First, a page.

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The HBO series Big Love come to a shocking end last Sunday evening after five seasons of polygamy, Utah culture, ridiculous drama, and plenty of ersatz Mormonism to boot. Bloggernacle-types snapped to attention when the series premiered in 2006, but by and large Mormons ignored the whole spectacle. Controversy peaked in Season 3, when the “Outer Darkness” episode recreated some of the most sacred moments of the temple ceremony.
It was all downhill from there. To retain an overwhelmingly non-LDS audience, the producers had to ratchet up the drama with each successive season. While it’s difficult to pinpoint precisely when the series jumped the shark, I began to roll my eyes around the time polygamist leader Roman Grant was murdered and kept in the compound freezer for several episodes.
For those with an appreciation of the absurd, the series remained entertaining. As a fan of actress Mary Kay Place, I especially enjoyed her long-suffering character Adaleen Grant. This unfortunate woman is left impregnated at 60 due to a eugenics scheme that emerged on the polygamist compound.
Yes, it really got that stupid. Melrose Place had nothing on these people. As the series came to a close , there were many story lines to resolve. The final episode raced through them all, culminating in the unexpected shooting of Bill Henrickson by a disgruntled neighbor in front of the family home. The last 15 minutes were gripping. As the patriarch lies dying in the street, his three wives gather round.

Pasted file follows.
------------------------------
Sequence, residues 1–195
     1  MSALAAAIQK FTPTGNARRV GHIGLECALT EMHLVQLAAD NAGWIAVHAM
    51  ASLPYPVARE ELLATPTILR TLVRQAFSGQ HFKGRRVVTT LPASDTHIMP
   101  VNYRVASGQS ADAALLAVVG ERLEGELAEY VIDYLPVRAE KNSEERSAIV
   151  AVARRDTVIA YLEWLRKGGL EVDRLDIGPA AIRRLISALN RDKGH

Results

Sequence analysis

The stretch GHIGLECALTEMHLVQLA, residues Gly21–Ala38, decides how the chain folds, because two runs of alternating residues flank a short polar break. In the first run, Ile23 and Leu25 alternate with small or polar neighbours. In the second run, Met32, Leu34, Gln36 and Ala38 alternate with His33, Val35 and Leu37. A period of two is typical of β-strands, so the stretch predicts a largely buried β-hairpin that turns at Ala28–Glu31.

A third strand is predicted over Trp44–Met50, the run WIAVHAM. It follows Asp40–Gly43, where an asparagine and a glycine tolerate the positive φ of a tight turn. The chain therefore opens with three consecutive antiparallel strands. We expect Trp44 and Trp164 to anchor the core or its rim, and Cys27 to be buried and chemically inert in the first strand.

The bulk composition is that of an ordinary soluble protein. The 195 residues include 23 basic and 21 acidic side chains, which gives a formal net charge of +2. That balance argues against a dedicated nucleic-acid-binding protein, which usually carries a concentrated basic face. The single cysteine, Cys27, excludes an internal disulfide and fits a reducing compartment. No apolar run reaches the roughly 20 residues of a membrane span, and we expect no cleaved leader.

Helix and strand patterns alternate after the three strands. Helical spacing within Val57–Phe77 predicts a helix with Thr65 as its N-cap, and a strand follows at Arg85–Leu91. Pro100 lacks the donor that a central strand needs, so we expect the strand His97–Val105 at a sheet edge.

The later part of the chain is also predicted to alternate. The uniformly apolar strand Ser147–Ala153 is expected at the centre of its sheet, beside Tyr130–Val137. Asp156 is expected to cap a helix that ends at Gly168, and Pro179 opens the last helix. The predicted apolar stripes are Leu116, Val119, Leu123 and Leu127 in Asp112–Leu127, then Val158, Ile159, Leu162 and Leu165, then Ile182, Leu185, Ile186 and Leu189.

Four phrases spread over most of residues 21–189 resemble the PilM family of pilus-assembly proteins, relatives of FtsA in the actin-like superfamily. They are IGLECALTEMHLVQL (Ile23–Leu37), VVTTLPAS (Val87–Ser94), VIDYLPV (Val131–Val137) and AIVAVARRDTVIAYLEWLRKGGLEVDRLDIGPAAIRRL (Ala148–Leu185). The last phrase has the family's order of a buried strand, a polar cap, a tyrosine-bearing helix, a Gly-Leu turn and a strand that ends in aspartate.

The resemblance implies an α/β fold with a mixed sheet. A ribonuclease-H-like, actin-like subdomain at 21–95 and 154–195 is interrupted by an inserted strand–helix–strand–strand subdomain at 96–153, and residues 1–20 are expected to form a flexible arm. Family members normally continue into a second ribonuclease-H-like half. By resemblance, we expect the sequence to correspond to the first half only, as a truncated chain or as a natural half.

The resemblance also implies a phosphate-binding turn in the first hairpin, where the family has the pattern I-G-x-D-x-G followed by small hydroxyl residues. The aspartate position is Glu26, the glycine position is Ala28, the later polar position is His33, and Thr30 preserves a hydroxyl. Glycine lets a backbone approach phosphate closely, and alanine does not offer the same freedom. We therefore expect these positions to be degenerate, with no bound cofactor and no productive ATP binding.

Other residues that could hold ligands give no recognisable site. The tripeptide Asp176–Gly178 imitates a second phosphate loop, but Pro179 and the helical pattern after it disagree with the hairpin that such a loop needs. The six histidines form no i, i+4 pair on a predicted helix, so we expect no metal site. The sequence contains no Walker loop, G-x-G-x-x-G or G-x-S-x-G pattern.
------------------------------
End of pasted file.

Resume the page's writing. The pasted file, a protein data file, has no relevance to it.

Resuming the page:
In the last season one of the myriad subplots involved whether or not women should hold the priesthood. Here too, all is resolved in the end. As Bill lays dying, he reaches out to Barb and beseeches “I need a blessing. I need a blessing, from you. Please.” As the three wives lay hands on him, Barbara proceeds “By the power of the Melchizedek priesthood, I give you this blessing of comfort. Your family has faith in you and loves you. We will always be together. Your family will be with you….” Fade to black, and wipe away a tear.
The story jumps ahead eleven months and all is well with the Henrickson family. The three wives are stronger than ever. Barb says “We’re strong. We’ve been forged. We endure.” It appears they now all attend the same church and Barb has emerged as the priesthood leader of the family. As the three wives tearfully embrace, we see that the out-of-focus, disembodied Bill Henrickson sits at the head of the table watching approvingly.
Big Loves ends with a powerful testimony of the importance family above all. As we’ve discussed here before, in this series “family” means something quite different than what the Church currently validates. Whether this is good or bad depends entirely on one’s perspective.